Why Don’t I Look Like Her?

Written By


Expert Reviewed By

Dr. Lauryn Lax, OTD, MS

Dr. Lauryn, OTD, MS is a doctor of occupational therapy, clinical nutritionists and functional medicine expert with 25 years of clinical and personal experience in healing from complex chronic health issues and helping others do the same.

Images 1 | Why Don'T I Look Like Her?

Why Don’t I Look Like Her?

I used to want to be Belle—you know the leading role in Disney’s “Beauty & The Beast?”

Then, Kelly Kapowski—what girl, who watched Saved By the Bell in the 90’s didn’t?

And, of course, I wanted to look like Mary Kate and Ashley Olson—adorable, fashionable, put-together.

And Jennifer Aniston.

Then it was, the covergirl on the cover of Oxygen Magazine.

And Cindy Crawford.

And Blake Lively.

And even quirky Taylor Swift.

For many many (many) years, I’ve wanted to be—rather, I wanted to look like—“her,” that girl—anyone else, BUT me.

Looking in the mirror most days, I only saw one thing:

A piece of work.

At one time, “thunder thighs” and “my father’s nose.”

Then, “too thin,” “small-chested,” “too pale,” “disproportionate.”

“Frumpy.” “It will never happen (for me).” “Not pretty (enough).” “Not good enough.”

And on and on…

“Not good enough”—The dominating message that’s rung in my ears since, well, seemingly the beginning of (my time).

For as LONG as I can remember, I’ve been my own worst critic—constantly “all up in my head”—throwing sucker punches at my looks, my smarts, my abilities, my successes (or lack thereof).

Working harder, being smarter, more put-together and prettier have always been goals in the back of my mind—even though I didn’t ever voice these aloud or write them on paper.

They were aspirations and goals that became a PART of me—so much so that I NEVER ever questioned them—at all.

And a leading insecurity underlying them all?

The question: “WHY don’t I look like her?”

We can waste minutes, hours, years, of our lives hating on ourselves—even if we don’t fully recognize it.

For some of us, that constant self-beat down, or simple belief of not being “good enough” has become such a “norm” that we rarely—if ever—question it, or even try to stop it—dead in its tracks.

Did you know that, statistically, 8 out of 10 women will be dissatisfied with their reflection every time they look in the mirror, and more than half may see a distorted image (with upwards of 80% of women typically OVERestimating their size).

Shocking right?

Ha. Probably not

Why is this?

It’s no secret that we women are highly judged (AND JUDGE OTHERS) based on their appearance—way more than men, and our “standards” of female beauty are considerably higher and more inflexible.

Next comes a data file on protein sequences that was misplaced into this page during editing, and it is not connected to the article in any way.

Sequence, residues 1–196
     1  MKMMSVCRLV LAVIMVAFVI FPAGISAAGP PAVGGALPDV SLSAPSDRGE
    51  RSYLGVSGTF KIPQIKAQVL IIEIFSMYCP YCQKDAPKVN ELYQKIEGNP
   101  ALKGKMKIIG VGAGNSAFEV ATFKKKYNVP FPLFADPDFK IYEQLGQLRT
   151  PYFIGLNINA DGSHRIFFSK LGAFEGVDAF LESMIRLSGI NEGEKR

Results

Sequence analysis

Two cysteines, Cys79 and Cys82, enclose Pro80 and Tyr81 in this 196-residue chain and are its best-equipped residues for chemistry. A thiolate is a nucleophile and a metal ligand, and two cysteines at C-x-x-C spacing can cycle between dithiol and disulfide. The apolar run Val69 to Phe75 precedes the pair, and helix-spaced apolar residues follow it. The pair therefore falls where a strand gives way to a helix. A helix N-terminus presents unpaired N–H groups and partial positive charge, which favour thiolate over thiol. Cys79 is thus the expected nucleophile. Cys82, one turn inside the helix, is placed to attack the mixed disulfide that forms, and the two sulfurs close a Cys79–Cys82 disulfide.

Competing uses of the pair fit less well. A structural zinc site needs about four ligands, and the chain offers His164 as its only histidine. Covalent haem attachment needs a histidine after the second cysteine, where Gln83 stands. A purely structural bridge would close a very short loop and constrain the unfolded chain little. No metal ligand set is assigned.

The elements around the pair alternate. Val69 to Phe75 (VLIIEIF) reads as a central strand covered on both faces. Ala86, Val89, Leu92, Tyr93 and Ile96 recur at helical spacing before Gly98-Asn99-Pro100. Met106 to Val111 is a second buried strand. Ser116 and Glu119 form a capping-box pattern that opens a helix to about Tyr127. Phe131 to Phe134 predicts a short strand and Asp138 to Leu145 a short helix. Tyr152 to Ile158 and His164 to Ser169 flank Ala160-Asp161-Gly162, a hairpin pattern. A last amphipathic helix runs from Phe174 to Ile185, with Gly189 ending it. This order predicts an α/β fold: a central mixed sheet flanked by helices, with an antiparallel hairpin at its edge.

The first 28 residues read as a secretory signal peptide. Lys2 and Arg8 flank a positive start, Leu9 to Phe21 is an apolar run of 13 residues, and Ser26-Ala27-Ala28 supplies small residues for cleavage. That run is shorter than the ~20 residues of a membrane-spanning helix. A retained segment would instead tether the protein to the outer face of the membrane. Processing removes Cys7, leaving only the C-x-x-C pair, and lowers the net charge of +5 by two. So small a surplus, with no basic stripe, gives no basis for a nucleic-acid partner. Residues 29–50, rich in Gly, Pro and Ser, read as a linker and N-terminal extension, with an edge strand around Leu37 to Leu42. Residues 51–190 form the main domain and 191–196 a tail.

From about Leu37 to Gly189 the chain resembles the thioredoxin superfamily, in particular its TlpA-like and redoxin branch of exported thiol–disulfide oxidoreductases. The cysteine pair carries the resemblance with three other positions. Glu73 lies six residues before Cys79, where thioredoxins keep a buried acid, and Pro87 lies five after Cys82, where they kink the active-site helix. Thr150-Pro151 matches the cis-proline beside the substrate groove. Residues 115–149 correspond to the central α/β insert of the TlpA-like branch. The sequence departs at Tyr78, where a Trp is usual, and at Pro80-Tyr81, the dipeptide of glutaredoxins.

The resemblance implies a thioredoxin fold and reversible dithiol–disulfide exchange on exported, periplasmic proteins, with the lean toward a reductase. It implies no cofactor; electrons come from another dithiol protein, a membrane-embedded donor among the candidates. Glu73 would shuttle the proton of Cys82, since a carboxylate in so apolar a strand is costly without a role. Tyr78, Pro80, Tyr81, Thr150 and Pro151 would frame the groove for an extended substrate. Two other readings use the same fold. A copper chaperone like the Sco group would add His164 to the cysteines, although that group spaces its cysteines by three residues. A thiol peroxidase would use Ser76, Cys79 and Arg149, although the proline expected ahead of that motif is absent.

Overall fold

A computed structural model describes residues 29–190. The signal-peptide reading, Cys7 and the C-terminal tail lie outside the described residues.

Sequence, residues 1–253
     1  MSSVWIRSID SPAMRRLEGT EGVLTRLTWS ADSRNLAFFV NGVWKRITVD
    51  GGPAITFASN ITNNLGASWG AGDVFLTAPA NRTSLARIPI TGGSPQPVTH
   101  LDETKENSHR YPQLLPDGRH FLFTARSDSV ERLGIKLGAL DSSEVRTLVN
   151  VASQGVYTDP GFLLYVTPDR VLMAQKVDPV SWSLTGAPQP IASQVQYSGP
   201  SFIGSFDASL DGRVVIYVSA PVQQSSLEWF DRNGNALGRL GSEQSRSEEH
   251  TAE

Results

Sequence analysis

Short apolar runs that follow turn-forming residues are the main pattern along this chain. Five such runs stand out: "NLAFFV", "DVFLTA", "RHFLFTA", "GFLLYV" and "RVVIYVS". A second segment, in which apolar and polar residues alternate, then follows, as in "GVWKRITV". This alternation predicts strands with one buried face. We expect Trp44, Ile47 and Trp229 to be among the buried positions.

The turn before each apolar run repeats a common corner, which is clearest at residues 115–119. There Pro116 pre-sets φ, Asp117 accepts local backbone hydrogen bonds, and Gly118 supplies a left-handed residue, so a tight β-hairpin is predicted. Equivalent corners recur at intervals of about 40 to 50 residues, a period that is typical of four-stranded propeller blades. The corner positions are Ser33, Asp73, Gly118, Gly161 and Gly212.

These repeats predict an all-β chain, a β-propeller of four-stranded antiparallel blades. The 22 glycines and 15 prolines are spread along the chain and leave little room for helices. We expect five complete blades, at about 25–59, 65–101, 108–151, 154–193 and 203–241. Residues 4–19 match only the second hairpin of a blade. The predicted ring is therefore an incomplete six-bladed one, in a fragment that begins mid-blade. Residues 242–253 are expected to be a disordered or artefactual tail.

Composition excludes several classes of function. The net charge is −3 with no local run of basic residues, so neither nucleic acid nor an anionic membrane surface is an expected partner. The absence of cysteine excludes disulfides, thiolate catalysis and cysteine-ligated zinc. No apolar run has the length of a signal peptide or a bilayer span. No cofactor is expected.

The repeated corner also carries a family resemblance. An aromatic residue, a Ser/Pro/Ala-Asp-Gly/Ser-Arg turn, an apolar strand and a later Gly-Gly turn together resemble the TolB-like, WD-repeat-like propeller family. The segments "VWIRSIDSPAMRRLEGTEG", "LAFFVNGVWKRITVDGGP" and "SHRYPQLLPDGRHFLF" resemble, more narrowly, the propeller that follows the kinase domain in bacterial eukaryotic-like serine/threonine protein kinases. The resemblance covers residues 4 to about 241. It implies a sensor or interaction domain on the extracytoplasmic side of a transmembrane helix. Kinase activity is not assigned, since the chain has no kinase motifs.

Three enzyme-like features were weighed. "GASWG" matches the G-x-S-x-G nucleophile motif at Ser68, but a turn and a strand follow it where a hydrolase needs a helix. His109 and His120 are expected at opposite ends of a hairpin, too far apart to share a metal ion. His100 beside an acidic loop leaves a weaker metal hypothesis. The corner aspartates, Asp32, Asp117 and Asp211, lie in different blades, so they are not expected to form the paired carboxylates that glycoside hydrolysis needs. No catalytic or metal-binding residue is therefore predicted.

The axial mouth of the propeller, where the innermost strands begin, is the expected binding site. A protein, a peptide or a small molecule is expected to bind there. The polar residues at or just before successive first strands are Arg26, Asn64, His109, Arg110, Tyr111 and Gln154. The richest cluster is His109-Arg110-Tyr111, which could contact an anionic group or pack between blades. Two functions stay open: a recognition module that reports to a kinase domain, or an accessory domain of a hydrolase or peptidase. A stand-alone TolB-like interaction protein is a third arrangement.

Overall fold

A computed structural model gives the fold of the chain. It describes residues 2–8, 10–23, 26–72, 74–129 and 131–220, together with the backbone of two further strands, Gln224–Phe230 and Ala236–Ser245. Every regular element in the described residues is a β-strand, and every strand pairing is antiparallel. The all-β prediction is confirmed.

Gone are the days though of simply comparing ourselves to “that girl” on the cover of a magazine or actress on our favorite sitcom.

Now, more than ever, we are comparing ourselves to EACH OTHER. (Hello: Social media).

Constant exposure to idealized (and often fake) images of beauty on TV, magazines and Facebook and Instagram makes exceptional good looks seem like the norm and anything short of perfection seem abnormal and ugly.

In fact, get this:

A recent study on the effects of our Facebook usage and self-esteem, researchers out of MIT Universtiy, found that individuals who viewed other people’s profiles on Facebook—experienced a significant decrease in self-esteem—compared to those who just looked at their own profile.

In addition, did you know that the MORE we look in the mirror…the LESS “confident” and LESS “positive” we feel about ourselves?

In other words: Looking in the mirror makes our self-esteem go down?

As women, we look at ourselves at least 8-10 times per day in the mirror. Couple this with all our body checking in window reflections, iPhone cameras and sizing ourselves up—in comparison to “that girl,” and there’s no hard and fast number for the amount of time and focus we spend thinking about what we look like.

Enter: Mirror Fasting—a way to change your own conversation with your image.

“Why don’t I look like her?”—That conversation that rings tried and true in the back of your head.

Take a moment to pause and think about how often you look in the mirror—and how often you compare your body.

Thrive Project

Go on a mirror fast today—and simply note…what your thoughts are.

The greater challenge could actually be to go on a mirror and reflection fast for a week. Aside from the morning check-in to brush your teeth and hair, and maybe put on your makeup…ban your mirror and reflection looking.

What you will probably find?

Your body image and self-worth goes UP …not down.

Loving your body goes far beyond what you look like in the mirror—or weigh on the scale for that matter.

When we look in the mirror less, consequently, our whole ‘body obsession get-up’ thing begins to fall to the wayside.

You’ve got this.

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